TV, Web Tie-Ins Increase ViewershipBET Holdings II has seen television ratings for its video programs rise and its Web traffic increase this month by integrating the two media outlets.
"Early on, when people were using television networks to promote Internet properties, they were really one-way transactions. It created a lot of value for the Internet, but it didn't create a lot of value for the television networks," said Scott Mills, executive vice president and chief operating officer at BET Interactive, which is owned by BET Holdings II, Washington, a subsidiary of Viacom. "We've really come upon some things that create a lot of mutual value."
Some of the network's music video programs direct viewers to visit www.bet.com to vote for their favorite videos. The Web site then drives them back to the program to watch the videos they selected.
The integrated strategy has helped both media properties, Mills said. One video program's ratings jumped nearly 30 percent from September 2000, he said. Web traffic also increased, Mills said, rising 60 percent to 80 percent compared with May 2000.
BET also introduced a contest this month that requires viewers to watch a video show every day to be eligible to win a go-cart belonging to a rap artist, Mills said. Viewers are given a daily password on the program that they must take to the Web site in order to register to enter the contest, he said.
The contest, which had 72,000 entries in its first week, lets BET capture registrations and ensures that people return to the Web site daily, Mills said.
"People enjoy the ability to impact their television viewing experience," he said.
BET Interactive is not alone in trying to blend its cable and Internet operations.
MSNBC, which is co-owned by Microsoft and NBC, completed a marketing effort last week in which it allowed Web visitors to vote for where "Today" show personality Matt Lauer will go next as part of the program's "Where in the World Is Matt Lauer?" series.
Michael Silberman, managing editor on the East Coast at MSNBC, Secaucus, NJ, said 200,000 people participated in the activity over about one week.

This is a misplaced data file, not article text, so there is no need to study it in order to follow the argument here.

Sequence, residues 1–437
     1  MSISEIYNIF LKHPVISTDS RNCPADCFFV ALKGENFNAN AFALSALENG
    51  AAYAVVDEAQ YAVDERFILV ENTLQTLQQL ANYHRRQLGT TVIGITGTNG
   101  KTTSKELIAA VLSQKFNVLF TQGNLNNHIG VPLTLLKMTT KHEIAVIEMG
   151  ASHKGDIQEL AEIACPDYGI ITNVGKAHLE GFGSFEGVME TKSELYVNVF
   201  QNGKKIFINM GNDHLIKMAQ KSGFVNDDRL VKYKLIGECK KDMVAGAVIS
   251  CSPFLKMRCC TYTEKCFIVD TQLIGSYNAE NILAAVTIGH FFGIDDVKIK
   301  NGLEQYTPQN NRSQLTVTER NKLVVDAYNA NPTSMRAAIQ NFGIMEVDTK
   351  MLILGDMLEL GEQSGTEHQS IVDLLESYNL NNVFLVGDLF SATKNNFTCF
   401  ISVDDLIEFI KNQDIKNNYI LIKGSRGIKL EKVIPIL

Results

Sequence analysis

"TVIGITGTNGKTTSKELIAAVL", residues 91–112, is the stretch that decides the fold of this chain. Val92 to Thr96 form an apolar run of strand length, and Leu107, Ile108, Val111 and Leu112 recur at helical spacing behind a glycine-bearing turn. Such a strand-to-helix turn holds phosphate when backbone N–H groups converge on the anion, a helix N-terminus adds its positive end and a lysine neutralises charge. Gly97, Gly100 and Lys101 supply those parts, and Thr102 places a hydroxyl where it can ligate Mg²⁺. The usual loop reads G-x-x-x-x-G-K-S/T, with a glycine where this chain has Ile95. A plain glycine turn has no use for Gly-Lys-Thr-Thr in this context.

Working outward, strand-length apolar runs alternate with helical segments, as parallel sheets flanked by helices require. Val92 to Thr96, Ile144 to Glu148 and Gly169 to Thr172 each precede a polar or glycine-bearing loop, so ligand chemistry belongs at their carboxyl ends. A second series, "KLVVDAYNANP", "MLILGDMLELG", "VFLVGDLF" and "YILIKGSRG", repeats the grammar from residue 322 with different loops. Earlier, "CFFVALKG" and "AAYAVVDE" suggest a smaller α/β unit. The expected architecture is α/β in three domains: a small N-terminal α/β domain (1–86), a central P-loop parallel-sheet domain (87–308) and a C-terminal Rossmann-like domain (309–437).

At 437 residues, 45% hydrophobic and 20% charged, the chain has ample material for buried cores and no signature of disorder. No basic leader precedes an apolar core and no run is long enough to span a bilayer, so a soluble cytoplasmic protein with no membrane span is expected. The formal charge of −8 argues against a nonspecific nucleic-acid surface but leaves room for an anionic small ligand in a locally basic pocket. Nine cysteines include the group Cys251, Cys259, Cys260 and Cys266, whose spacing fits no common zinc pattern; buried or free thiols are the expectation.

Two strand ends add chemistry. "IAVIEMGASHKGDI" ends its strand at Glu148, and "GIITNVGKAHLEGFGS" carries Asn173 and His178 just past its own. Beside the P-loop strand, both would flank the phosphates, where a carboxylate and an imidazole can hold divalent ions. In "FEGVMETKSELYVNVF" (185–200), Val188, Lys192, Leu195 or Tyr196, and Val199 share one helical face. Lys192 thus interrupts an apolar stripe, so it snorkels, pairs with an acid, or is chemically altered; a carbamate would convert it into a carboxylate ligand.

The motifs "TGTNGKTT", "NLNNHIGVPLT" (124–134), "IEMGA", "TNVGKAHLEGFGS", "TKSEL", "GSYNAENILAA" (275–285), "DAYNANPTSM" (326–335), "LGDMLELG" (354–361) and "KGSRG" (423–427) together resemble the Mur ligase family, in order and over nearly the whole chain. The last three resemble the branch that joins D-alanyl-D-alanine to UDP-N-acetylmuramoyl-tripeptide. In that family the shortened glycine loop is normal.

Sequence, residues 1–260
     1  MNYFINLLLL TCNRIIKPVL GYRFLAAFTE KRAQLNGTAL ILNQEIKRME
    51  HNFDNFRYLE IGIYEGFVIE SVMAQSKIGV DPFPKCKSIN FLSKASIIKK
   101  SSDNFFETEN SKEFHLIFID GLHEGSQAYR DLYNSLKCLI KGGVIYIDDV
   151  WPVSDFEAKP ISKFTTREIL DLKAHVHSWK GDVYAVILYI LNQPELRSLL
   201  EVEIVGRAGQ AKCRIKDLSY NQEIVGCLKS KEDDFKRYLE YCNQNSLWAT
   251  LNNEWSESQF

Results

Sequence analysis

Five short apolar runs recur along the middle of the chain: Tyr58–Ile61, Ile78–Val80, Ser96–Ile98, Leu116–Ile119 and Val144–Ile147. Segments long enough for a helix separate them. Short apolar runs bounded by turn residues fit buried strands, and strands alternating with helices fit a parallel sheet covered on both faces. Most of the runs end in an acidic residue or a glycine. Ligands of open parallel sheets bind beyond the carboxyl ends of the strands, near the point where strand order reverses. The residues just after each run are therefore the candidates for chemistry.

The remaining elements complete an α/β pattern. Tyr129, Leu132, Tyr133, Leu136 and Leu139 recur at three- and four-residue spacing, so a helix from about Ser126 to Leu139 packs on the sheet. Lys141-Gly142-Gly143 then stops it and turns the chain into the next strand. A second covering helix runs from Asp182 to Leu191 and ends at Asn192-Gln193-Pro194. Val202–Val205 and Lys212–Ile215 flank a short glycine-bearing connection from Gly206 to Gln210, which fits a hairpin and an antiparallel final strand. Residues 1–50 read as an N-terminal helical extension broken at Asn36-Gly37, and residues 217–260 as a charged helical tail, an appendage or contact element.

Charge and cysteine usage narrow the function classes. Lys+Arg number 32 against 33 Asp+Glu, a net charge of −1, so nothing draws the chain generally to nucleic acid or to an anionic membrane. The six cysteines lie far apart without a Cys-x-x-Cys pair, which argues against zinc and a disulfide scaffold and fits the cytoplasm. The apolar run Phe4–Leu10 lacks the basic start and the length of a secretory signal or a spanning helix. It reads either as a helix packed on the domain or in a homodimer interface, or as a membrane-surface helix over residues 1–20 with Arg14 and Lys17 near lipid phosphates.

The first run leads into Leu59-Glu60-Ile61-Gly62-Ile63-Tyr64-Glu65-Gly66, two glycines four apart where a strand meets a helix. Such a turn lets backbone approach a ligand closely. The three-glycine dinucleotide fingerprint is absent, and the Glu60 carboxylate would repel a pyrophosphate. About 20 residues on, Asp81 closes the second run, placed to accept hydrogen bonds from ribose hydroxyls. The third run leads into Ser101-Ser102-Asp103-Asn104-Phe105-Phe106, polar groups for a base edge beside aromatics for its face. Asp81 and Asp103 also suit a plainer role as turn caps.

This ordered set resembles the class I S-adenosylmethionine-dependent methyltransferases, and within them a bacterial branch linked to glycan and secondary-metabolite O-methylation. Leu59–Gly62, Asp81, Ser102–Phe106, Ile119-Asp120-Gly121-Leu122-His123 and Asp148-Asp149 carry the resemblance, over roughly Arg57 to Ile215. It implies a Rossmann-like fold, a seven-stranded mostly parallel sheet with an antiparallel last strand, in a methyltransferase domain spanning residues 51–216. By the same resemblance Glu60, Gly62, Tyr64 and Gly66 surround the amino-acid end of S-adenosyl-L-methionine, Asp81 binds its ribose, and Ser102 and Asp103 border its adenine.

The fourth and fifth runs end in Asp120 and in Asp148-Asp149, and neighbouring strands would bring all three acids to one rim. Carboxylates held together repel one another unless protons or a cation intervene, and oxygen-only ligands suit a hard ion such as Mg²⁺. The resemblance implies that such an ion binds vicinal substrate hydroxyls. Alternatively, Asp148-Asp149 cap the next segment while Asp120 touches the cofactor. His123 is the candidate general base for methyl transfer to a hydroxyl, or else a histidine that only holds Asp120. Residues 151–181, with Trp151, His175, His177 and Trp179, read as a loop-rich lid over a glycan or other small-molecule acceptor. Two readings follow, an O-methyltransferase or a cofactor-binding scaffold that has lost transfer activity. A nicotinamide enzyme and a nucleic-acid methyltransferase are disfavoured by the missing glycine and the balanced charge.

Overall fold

Silberman also said the Web site has driven television viewers to the Web site during news program commercials to participate in games. During a "Dateline NBC" program in January, viewers were driven to the site to vote for how they believed a certain investigation would turn out, he said.
Afterward, they were directed back to the television program to see the results of the investigation, Silberman said. During the one-hour program, 150,000 people visited the site to participate in the activity.
"We try to develop editorial content that's not just about television promoting or directing people to the Web," Silberman said, "but also about the Web site directing people back to television."
Comedy Central, meanwhile, is working to integrate its television content and Web site.
Ken Locker, senior vice president of the digital media group at Comedy Central, New York, said the network relaunched its Web site, www.comedycentral.com, two weeks ago to create an "Internet extension of the shows and really deepen the experience of the television viewer and Web visitor."
Comedy Central sends a number of program-specific e-mail newsletters to 4 million users per month, Locker said. The company promotes the Web site at the end of shows and uses 10 minutes per week of on-air time to promote the site, he said.
Locker said the company also is holding a contest in which people can send in home videos to show their comedic talents. The network will show the videos on the Web and will let Web visitors vote for the best one, he said.
Later in the year, Comedy Central will air the winner's tape on a television spot, Locker said.
"We're really working to tie our Web audience very tightly into our network," he said.